Our feline friends have spent eons observing, napping, pondering, napping, and taking notes about the human condition. In between naps, they’ve realized that we humans could use some catlike guidance when it comes to handling the ups and downs of life. In this book they’ve condescended to share their invaluable wisdom in short advice columns such as “Always Stay at Least 30 Feet from a Loved One” and “Never Let Anyone Dress You.” Whether it’s coping with romance, surviving a social gathering, or clawing your way to the top of the corporate ladder only to realize you can’t get down, the cats in this book will have you relaxed and ready to take on the world! Just after one more nap.
Funny Family Jokes
Manufactured by Reader’s Digest
“Knock! Knock! Who’s there? Justin. Justin who? Justin the neighborhood and thought I’d come over.”
Reader’s Digest has a long tradition of providing our readers with laughter through our many humor features. In the Reader’s Digest Funny Family Jokes we have compiled some of the funniest jokes, riddles, and one-liners that can be shared across generations, around the dinner table or the campfire. Truly, there’s something for everyone from 9 to 99. We hope you and your family will take the time to read, share and laugh together. Did you hear that NASA has launched several cows into orbit? It was the herd shot around the world.
The Book with No Pictures
By B.J. Novak
A #1 New York Times bestseller, this innovative and wildly funny read-aloud by award-winning humorist/actor B.J. Novak will turn any reader into a comedian.
You might think a book with no pictures seems boring and serious. Except… here’s how books work. Everything written on the page “has” to be said by the person reading it aloud. Even if the words say…
BLORK. Or BLUURF.
Even if the words are a preposterous song about eating ants for breakfast, or just a list of astonishingly goofy sounds like BLAGGITY BLAGGITY and GLIBBITY GLOBBITY.
Cleverly irreverent and irresistibly silly, The Book with No Pictures is one that kids will beg to hear again and again. (And parents will be happy to oblige.)
“Shouldn’t You Be in School?”
By Lemony Snicket
“Is Lemony Snicket a detective or a smoke detector?”
Do you smell smoke? Young apprentice Lemony Snicket is investigating a case of arson but soon finds himself enveloped in the ever-increasing mystery that haunts the town of Stain’d-by-the-Sea. Who is setting the fires? What secrets are hidden in the Department of Education? Why are so many schoolchildren in danger? Is it all the work of the notorious villain Hangfire? How could you even ask that? What kind of education have you had?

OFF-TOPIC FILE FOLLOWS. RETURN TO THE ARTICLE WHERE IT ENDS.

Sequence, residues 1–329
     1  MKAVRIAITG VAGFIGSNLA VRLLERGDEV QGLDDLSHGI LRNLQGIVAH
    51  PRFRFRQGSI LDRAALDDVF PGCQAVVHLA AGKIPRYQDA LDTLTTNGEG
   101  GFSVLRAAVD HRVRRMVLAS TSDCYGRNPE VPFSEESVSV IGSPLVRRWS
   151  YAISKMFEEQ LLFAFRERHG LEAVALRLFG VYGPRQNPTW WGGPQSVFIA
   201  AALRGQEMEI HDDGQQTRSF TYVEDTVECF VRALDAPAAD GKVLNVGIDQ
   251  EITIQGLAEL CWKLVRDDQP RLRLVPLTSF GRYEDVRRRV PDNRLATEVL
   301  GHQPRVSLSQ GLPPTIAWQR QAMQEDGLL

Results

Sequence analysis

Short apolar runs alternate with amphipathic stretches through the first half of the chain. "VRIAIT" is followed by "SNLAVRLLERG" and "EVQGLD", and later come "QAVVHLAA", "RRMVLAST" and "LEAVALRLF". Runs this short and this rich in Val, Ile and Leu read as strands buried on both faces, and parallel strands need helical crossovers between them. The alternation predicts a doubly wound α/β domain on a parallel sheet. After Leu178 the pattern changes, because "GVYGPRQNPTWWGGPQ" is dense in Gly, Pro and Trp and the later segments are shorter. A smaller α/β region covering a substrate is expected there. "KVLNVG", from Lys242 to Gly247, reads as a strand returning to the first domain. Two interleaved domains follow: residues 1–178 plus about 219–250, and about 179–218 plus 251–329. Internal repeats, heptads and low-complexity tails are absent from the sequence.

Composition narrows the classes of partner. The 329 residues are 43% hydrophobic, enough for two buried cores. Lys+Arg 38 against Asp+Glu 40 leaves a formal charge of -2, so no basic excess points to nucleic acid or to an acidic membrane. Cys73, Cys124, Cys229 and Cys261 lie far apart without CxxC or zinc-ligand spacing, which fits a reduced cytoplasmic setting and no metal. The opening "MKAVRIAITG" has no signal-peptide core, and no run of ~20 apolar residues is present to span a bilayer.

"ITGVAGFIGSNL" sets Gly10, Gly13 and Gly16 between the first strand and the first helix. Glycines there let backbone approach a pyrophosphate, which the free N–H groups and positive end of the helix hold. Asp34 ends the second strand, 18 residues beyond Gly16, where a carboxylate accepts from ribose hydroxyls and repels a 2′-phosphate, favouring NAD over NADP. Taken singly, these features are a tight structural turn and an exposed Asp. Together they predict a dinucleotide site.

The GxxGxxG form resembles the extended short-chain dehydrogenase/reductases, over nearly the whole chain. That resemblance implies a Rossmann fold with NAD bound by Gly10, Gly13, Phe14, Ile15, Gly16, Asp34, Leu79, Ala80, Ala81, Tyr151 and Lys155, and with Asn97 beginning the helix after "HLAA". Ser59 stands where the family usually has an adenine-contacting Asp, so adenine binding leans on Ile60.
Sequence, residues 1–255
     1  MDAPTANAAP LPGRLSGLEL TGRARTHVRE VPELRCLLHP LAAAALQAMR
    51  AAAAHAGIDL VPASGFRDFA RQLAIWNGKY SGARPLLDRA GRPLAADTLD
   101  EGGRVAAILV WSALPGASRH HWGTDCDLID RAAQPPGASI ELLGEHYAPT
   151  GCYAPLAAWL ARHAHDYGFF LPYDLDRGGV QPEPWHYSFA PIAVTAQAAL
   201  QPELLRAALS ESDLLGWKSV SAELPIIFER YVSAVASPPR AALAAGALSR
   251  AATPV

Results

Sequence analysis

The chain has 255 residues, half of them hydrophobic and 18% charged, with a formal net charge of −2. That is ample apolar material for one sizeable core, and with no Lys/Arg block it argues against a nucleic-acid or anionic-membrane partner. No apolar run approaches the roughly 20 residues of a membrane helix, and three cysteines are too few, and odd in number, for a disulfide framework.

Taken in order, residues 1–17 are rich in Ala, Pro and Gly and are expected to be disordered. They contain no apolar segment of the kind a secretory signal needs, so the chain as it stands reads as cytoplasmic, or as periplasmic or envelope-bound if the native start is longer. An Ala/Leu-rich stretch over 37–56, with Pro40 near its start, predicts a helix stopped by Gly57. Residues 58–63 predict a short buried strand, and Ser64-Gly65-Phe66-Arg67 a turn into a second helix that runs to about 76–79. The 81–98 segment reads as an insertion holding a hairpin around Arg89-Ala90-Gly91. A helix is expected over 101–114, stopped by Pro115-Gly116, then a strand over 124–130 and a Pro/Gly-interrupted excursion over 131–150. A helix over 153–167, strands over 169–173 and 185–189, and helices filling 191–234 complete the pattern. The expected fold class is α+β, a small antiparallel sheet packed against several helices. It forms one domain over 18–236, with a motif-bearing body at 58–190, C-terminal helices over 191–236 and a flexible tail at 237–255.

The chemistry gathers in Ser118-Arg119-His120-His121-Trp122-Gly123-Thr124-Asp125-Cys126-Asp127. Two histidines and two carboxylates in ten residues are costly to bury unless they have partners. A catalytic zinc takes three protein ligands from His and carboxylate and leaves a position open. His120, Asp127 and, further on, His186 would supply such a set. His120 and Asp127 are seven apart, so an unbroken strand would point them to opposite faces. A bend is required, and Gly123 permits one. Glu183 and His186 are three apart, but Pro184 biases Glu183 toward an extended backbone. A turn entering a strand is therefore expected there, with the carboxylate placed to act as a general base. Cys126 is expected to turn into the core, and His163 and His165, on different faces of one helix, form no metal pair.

Maybe you should be in school?
By Mallory Ortberg
Hilariously imagined text conversations – the passive aggressive, the clever, and the strange – from classic and modern literary figures, from Scarlett O’Hara to Jessica Wakefield.
Mallory Ortberg, the co-creator of the cult-favorite website The Toast, presents this whimsical collection of hysterical text conversations from your favorite literary characters. Everyone knows that if Scarlett O’Hara had an unlimited text-and-data plan, she’d constantly try to tempt Ashley away from Melanie with suggestive messages. If Mr. Rochester could text Jane Eyre, his ardent missives would obviously be in all-caps. And Daisy Buchanan would not only text while driving, she’d text you to pick her up after she totaled her car. Based on the popular web-feature, Texts from Jane Eyre is a witty, irreverent mashup that brings the characters from your favorite books into the twenty-first century.
By Francesco Marciuliano
Just when we all thought things couldn’t get any cuter, from the author of the New York Times bestselling I Could Pee on This comes I Knead My Mommy, a book of confessional poems about the triumphs, trials, and daily discoveries of being a kitten. From climbing walls to claiming hearts, these little cats bare all in such instant classics as “And Then You Said ‘No,'” “Ode to a Lizard I Didn’t Know Is Also a Pet in This House,” and “I Will Save You.” With adorable photos of the poetic prodigies throughout, this volume gives readers a glimpse into their confused and curious feline minds as they encounter the world around them.
Join us at Flip-Flop Night on Friday May 2nd at 6:30p.m. at Byrd’s Books! Celebrate Spring, wear your favorite flip-flops and join us as we laugh and discuss Cindy Eastman’s new book, “Flip-Flops After 50: And Other Thoughts On Aging I Remembered to Write Down.”
“Flip-flops After 50 “will amuse, enlighten, and provoke readers to think about the topics that affect all of us. Who hasn’t dealt with the emotions from family events, stress from lousy jobs, or the bittersweet feelings when the kids leave home? Not to mention body image, high school reunions, and parenting. Eastman’s conversational style and easy humor tackle the sublime and the ridiculous, the sacred and the profane. After a certain age–and it’s no secret that it’s 50–Eastman argues that attitudes change for the better. Making decisions gets easier, although there’s no guarantee that life does. Even so, her writing allows us to take a look at our own issues with the reassuring handholding of a confidante. (April 8 release)